Lee Chandler is a brooding, irritable loner who works as a handyman for a Boston apartment block. One damp winter day he gets a call summoning him to his hometown, north of the city. His brother's heart has given out suddenly, and he's been named guardian to his 16-year-old nephew. As if losing his only sibling and doubts about raising a teenager weren't enough, his return to the past re-opens an unspeakable tragedy.Written by
Matt Damon and Casey Affleck continuously discussed how deeply connected Lee remains to Joe, even though he isolates himself from the rest of the world. His brother's last act is an attempt to have Lee reengage with the world. See more »
Lee says he and Randy were married on Misery Island. The family is ostensibly Catholic. The Catholic Church frowns on weddings outside an actual church. Unless there is a chapel on that Island it was not a real Catholic wedding. See more »
In Australia, the film was originally passed MA-15+ uncut, however the distributors opted to re-edit the audio and cut the length of the film, in order to remove every use of the term 'c-t' and 'motherf--er'. Following these changes the film was later re-classified and the rating was lowered to 'M'. See more »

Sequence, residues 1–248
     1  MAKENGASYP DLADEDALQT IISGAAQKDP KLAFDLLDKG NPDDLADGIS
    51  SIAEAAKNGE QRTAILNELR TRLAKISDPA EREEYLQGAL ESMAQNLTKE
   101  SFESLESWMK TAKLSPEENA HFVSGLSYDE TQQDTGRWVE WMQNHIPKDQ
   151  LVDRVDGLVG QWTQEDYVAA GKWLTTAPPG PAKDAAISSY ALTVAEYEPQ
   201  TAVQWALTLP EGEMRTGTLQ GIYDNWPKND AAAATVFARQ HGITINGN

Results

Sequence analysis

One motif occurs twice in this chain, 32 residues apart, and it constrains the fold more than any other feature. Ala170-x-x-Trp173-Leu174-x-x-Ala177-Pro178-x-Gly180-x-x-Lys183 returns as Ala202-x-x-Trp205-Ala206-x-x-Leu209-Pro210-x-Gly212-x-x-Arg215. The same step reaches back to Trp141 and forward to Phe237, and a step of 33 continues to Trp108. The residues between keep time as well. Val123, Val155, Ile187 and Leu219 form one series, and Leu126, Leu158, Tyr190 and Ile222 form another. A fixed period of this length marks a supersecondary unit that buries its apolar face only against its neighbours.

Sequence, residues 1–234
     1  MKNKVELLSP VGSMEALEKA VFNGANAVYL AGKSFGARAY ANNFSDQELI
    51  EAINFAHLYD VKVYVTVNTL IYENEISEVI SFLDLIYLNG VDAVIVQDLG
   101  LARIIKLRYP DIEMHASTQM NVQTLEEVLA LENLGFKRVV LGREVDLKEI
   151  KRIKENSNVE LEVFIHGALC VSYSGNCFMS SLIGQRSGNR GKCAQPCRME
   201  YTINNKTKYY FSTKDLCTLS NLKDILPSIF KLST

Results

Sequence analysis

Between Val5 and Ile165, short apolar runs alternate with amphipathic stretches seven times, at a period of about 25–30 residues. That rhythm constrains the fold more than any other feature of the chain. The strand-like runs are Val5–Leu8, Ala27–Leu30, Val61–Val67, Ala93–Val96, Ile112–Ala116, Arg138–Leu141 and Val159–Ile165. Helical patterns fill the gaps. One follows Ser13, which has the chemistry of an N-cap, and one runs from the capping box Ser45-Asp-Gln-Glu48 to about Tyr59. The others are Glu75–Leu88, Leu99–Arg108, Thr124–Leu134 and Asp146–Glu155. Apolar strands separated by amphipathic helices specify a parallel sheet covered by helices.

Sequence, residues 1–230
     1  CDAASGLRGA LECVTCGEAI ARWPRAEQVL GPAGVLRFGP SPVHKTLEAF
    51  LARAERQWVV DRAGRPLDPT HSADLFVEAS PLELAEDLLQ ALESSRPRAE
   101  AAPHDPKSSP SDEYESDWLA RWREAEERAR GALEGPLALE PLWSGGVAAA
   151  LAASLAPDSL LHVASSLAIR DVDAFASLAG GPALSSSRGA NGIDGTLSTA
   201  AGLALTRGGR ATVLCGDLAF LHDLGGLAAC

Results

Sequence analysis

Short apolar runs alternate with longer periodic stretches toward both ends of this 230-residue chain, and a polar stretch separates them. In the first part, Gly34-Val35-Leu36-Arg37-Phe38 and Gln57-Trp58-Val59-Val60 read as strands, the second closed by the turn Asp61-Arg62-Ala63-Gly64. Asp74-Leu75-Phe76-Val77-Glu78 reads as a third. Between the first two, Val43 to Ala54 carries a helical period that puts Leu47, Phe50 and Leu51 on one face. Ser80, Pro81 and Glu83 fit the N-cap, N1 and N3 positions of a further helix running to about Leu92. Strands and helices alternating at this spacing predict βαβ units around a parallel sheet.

In spite of a most annoying & pretentious score, this was a very moving film--actually a mouth-gaping appreciation of Casey Affleck. He carries the film, along with the actor playing his brother, Michelle Williams, & his nephew. Some scenes early on seem to plod on, and the pivotal scene of Affleck's past (that will forever haunt him) is reconstructed by voice-over rather than __seeing__ the evidence, which becomes a little disconcerting, considering how important it is. I was really impressed by Affleck's character, who seemed incapable of enjoying anything in his life. His alcoholism is palpable, as well as his violence, but he plays a wholly realized character--infinitely better than he did in "Gone Baby Gone." I hope he wins an Oscar for this role: I've never seen him better. And Michelle Williams is wonderful, especially in a near-conclusion confrontation with Affleck: that alone is Oscar-worthy. It's beautifully shot in the actual Manchester-by-the-Sea, and it's definitely worth seeing.
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